Picture You in Agriculture’s (PYiA) mission is to put young people in agriculture at the centre of the learning and doing experience and provide genuines opportunities for their voices to be heard and cinsidered. We support others who share our values to to achieve our joint goals. In November 2019 school students from Lake Cargelligo Central School and Wee Waa High School travelled to Sydney as part of The Archibull Prize. Along with attending the awards ceremony and visiting Western Sydney University, the students joined Young Farming Champions (YFC) in a Heywire workshop.
Like our YFC program ABC’s Heywire is a conduit for young people in rural and remote Australia to share and promote their stories and, for the second year running, YFC Meg Rice represented us at the Heywire Gala Dinner.
Heywire puts young Australians at the centre of the conversations that shape their communities and the ABC has been running the program, in partnership with the Australian Government, since 1998.
“The annual Heywire cycle begins with a storytelling competition – open to people aged 16-22, living in regional or rural Australia. Heywire encourages young people to tell stories about their life outside the major cities in text, photo, video or audio format and every ABC regional station selects a winning Heywire Competition entry to represent their part of Australia. The young winners work with ABC staff to produce their story to be featured on ABC Radio and abc.net.au. Heywire stories are renowned for their honesty and for giving us a window on the lives of young people in regional Australia.” says Meg
Regional competition winners attend the Heywire Summit in Canberra where they undertake leadership workshops and meet with members of parliament, government departments and community leaders. The ‘Heywirers’ work together in teams to develop ideas aimed at improving the lives of young people in regional Australia and present their ideas to a panel at Parliament House. The Summit culminates in the Gala Dinner.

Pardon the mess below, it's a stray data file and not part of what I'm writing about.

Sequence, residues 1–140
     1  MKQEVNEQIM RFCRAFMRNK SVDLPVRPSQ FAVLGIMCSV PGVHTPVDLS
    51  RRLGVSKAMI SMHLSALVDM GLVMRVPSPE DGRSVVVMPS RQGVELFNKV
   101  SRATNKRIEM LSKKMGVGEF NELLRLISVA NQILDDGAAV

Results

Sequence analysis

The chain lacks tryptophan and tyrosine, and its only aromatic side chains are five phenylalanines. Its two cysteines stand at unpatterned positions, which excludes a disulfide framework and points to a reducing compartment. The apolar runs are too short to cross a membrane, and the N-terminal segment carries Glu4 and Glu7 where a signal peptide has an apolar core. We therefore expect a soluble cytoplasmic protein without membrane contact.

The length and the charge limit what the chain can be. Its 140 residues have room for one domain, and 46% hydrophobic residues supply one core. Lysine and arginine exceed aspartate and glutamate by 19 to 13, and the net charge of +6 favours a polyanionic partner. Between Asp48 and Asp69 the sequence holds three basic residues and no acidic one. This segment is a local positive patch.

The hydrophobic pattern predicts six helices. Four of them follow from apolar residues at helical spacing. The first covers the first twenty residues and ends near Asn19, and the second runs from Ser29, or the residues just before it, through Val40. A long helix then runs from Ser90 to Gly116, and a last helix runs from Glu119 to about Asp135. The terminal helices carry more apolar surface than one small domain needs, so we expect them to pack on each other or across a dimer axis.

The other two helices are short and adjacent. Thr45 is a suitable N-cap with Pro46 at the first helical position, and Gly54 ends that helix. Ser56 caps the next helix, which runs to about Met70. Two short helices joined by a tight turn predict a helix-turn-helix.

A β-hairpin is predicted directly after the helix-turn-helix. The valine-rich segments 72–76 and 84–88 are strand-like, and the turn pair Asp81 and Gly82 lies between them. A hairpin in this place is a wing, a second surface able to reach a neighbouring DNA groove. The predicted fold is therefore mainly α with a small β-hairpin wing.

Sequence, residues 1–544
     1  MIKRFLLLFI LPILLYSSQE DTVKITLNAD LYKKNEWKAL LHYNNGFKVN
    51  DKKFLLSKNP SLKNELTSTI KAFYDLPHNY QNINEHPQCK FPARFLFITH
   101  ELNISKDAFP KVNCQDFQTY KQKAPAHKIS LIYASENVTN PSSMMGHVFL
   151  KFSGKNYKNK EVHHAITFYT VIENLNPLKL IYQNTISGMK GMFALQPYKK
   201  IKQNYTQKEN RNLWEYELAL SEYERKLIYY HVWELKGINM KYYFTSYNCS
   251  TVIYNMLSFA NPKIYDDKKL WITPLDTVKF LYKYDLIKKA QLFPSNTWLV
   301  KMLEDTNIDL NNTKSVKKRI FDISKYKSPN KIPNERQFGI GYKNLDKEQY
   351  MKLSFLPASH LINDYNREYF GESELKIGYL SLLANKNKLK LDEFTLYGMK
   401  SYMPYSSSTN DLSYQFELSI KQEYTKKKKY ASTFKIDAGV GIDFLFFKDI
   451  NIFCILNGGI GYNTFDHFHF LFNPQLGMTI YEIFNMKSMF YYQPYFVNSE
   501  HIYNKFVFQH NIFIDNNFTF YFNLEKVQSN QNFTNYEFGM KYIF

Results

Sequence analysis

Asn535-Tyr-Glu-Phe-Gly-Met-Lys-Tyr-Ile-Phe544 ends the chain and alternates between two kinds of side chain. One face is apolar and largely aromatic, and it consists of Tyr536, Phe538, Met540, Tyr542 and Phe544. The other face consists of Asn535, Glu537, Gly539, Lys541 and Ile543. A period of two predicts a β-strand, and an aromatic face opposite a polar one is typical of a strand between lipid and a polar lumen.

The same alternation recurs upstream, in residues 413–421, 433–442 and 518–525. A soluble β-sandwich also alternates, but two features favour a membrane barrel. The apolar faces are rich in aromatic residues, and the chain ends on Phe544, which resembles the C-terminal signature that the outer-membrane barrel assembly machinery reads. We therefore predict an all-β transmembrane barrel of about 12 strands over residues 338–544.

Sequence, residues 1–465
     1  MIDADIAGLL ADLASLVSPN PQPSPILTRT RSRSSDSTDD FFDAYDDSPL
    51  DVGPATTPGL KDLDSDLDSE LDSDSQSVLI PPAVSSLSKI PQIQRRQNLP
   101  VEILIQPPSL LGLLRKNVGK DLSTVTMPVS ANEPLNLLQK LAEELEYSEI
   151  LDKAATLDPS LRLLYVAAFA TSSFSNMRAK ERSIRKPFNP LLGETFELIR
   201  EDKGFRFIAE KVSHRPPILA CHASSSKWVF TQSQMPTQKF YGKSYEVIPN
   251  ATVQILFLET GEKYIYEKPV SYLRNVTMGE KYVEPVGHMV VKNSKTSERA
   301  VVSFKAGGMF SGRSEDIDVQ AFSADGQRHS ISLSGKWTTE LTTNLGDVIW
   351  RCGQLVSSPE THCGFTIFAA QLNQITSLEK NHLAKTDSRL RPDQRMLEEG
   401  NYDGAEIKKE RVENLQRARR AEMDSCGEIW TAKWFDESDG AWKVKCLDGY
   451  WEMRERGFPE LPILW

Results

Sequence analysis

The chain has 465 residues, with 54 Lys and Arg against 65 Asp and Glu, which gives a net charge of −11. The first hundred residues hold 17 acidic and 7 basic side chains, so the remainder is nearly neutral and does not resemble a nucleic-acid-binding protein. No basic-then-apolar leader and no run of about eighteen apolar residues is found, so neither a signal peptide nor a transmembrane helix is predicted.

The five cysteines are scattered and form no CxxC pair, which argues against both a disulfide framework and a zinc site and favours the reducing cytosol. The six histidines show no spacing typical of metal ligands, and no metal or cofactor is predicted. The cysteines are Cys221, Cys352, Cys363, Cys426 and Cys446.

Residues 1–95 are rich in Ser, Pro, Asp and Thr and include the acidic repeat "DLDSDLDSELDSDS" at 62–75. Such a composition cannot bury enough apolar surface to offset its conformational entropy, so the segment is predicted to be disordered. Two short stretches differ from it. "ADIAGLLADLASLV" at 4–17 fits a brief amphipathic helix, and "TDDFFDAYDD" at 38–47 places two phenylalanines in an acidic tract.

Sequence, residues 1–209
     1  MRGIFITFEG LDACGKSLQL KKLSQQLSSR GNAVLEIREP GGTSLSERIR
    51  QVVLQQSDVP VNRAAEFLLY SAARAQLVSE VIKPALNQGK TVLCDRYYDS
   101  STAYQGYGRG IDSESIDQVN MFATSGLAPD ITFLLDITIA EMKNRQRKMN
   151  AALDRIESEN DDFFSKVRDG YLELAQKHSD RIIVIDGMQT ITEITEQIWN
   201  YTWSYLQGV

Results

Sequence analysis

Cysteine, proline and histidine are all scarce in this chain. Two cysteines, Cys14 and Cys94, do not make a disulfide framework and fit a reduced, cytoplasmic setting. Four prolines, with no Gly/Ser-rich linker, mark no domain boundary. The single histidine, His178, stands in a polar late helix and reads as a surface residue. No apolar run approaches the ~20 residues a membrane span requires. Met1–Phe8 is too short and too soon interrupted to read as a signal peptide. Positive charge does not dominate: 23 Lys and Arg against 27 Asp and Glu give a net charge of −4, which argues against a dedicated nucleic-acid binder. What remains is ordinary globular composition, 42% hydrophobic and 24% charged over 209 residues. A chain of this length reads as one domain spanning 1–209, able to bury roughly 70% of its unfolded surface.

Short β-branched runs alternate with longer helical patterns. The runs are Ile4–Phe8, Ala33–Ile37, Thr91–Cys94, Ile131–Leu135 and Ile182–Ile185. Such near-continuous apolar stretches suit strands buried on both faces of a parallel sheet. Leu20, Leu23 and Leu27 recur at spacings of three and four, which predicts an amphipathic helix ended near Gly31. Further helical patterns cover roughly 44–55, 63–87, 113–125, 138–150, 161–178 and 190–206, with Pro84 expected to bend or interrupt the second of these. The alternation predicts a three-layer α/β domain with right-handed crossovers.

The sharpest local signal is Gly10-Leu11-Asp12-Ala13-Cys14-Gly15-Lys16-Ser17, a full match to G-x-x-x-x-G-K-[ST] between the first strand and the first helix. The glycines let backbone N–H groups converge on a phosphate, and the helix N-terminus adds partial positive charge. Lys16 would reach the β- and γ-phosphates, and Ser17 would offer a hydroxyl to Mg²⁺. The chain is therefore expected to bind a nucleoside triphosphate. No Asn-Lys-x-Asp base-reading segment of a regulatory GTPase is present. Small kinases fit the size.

“Attending the dinner is a wonderful opportunity to learn about what young people are passionate about, their trials and triumphs and what has made them into the inspiring young leaders they are today,” Meg says.
ABC Chair Ita Buttrose spoke at the Gala Dinner
“Stories have been told in Australia from time immemorial. From the Dreamtime to today, they reflect and shape our culture and identity, they allow us to survive and prosper, they bind our communities together, they attempt to explain the world around us, they express our pain and our joy…Thank you Heywirers for sharing the stories of your life in regional and rural Australia. What we have seen and heard tonight and read and watched on the Heywire site are moving, inspiring, informative stories told from the heart.”
“Ita also spoke about people from the bush being renowned for being stoic and just getting on with the job but how in noisy times like these you sometimes have to grab the microphone when you see the opportunity,” Meg says.
“I think this highlights the synergies between Heywire and YFC. It demonstrates the power of story-telling and the importance of rural and regional Australia.” Meg Rice
37 Heywire winners were chosen from across Australia, describing their worlds from anything to adjusting to a new country to the healing power of the bush. Two stories, in particular, touched Meg. Renae Kretschmer, from Wirrabara, SA described the grief and pain of losing her mother to a heart attack at age 60.
“Mum once asked me “what inspires you?” At the time I probably said some noncommittal comment, but really it was her. My strong, capable mother inspired me in all she did….It took losing Mum to make me realise how special family and a country community is. How they help pull you through your absolute darkest days.”